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Quick Six - August

Ancient Kauri discovered with a record of the near reversal of the Earth’s magnetic field reversal in its rings

A Kauri tree (Agathis australis) was uncovered under 8m of soil in Ngawha, Northland.  The tree, which is 2.5 metres in diameter and 20 metres long, lived for 1,500 years between 41,000 and 41,500 years ago.  This lifespan covers a period when the earth’s magnetic field almost reversed. During this period the magnetic north and south poles went on an excursion but did not complete a full reversal. This tree is the only living thing at that time we know in the world today and scientists can utilise the tree rings to now map more accurately the time taken for magnetic movement to occur.         

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Bark: A  building block for a circular bioeconomy

Bark biorefinery technologies provide a new economic opportunity to convert an underutilised waste stream into a range of high-value materials and products. These could earn an estimated $400-600 million per annum and contribute $1.8 billion to New Zealand’s GDP. With infrastructure and relevant policies in place, regional biorefineries have the potential to add several thousand new regional jobs by 2050.

Coming up with methods that can extract and refine high-value chemicals and create new products in a bark biorefinery is at the heart of a new five-year Scion-led research programme supported by the Ministry of Business, Innovation and Employment’s Endeavour Fund.

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Hi-tech shirt to monitor forestry workers

A project team of honour students has developed a prototype shirt that has inbuilt sensors to monitor heart rate variability as well as perspiration.  Using these measurements, the shirt could signal when the wearer is starting to suffer from fatigue or dehydration.

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Ethiopia plants 350 million trees in one day!

Now this is something Shane Jones would be enviable of.  Ethiopia’s forest cover has reduced from 40% half a century ago to around 15% today. Like many other countries around the world Ethiopia has embarked on a tree planting program and claims to have planted almost 3 billion trees since May. One Monday, state employees were given the day off as Ethiopia’s Prime Minister Abiy Ahmed sought to get the rest of the country involved, and the government claimed a "record-breaking" 350 million trees were planted in only one day.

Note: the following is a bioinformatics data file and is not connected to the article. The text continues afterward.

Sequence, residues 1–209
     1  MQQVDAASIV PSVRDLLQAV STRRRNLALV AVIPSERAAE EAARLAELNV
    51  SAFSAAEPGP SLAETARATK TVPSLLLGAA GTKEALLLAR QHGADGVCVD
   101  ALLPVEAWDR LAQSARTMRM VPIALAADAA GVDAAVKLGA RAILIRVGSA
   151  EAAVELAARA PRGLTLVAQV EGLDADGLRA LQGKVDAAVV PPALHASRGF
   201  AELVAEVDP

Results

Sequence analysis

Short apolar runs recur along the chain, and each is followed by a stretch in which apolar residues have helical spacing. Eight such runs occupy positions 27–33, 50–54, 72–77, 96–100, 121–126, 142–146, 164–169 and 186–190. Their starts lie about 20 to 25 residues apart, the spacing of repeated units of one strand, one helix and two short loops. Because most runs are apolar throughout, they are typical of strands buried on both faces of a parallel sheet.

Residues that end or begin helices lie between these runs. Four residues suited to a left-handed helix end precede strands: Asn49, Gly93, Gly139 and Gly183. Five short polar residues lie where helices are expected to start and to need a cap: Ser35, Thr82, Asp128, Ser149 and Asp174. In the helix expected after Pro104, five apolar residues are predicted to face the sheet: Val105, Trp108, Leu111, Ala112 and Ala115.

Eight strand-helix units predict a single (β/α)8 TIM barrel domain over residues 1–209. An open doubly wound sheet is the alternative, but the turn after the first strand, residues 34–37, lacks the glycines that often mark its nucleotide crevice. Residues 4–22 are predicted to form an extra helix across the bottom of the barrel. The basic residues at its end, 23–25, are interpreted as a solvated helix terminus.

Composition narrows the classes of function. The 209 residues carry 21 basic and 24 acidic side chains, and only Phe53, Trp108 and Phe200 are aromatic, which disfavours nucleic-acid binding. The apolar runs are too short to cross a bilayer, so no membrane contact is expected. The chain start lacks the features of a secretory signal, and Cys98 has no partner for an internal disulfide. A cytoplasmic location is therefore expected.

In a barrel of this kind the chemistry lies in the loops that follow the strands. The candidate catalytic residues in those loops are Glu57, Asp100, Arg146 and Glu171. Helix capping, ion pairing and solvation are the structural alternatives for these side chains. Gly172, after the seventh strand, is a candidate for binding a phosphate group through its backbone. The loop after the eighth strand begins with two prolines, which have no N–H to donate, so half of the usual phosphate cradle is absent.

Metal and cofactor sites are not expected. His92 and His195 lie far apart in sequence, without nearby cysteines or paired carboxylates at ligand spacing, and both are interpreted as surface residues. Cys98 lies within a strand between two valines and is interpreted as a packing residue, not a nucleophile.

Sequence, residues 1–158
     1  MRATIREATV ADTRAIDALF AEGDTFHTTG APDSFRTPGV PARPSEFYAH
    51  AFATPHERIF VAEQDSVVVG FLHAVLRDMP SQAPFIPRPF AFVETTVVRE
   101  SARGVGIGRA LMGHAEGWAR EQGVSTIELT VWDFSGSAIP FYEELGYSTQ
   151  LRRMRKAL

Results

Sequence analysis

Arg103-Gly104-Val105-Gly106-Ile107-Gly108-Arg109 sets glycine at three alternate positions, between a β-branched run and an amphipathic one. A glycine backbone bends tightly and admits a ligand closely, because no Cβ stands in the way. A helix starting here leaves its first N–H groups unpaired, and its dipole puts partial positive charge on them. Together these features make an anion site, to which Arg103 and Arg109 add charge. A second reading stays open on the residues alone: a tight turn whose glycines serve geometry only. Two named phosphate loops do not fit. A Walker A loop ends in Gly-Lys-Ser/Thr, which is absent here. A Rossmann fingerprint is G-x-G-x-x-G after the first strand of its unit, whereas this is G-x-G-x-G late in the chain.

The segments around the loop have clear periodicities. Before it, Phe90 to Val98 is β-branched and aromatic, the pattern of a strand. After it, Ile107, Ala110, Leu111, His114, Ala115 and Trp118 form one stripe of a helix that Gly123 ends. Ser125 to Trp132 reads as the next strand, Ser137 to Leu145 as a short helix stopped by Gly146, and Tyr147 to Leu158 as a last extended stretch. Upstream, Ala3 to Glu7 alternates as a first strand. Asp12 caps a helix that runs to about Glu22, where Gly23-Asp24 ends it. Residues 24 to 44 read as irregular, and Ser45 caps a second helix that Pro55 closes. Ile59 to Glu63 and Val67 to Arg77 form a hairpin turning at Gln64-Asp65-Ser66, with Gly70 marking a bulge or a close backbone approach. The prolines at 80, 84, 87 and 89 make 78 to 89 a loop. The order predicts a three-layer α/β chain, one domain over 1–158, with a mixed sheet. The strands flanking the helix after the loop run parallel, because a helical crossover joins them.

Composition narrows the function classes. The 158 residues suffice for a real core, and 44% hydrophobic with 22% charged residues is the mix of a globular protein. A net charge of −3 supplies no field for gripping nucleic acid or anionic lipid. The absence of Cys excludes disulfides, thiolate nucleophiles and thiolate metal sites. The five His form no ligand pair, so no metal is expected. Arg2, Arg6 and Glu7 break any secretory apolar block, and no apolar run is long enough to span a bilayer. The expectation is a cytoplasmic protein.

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Terahertz imaging technique aids forest managers in earlier identification of insect damage in trees

Insect damage of forest is becoming more prevalent as trees are subject to drought and other stressful periods more frequently or longer duration due to climate change. A new terahertz imaging technique could help slow the spread of these infestations by detecting insect damage inside wood before it becomes visible on the outside.

"Detecting the boreholes of wood-destroying insects is typically done by manually inspecting the wood, and the infected area of the forest to be removed is then estimated," said Krügener. "To our knowledge, this is the first time a technical method has been used to detect insect boreholes."

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Guacamole lovers, rejoice! The avocado genome has been sequenced

Studies have shown that the Hass avocado inherited approximately 61% of its DNA from Mexican varieties and 39% from Guatemalan varieties.  The research also provides vital reference material for learning about the function of individual avocado genes, and for using genetic engineering to boost productivity of avocado trees, improve disease resistance and create fruit with new tastes and textures.

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